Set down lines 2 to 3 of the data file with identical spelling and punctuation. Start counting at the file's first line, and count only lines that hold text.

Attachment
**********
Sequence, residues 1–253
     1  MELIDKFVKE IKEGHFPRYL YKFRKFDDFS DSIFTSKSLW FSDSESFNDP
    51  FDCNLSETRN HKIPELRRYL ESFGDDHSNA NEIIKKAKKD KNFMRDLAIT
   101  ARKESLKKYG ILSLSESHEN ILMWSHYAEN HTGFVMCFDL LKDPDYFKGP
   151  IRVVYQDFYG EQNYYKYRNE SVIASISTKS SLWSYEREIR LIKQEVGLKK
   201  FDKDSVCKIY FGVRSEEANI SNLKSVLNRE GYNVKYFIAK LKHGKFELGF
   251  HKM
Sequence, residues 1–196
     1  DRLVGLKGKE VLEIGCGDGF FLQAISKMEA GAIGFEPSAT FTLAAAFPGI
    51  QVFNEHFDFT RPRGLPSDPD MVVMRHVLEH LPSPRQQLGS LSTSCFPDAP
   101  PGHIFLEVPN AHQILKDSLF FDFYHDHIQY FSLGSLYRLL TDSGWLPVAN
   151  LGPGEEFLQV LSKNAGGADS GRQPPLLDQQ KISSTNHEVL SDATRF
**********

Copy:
     1  MELIDKFVKE IKEGHFPRYL YKFRKFDDFS DSIFTSKSLW FSDSESFNDP
    51  FDCNLSETRN HKIPELRRYL ESFGDDHSNA NEIIKKAKKD KNFMRDLAIT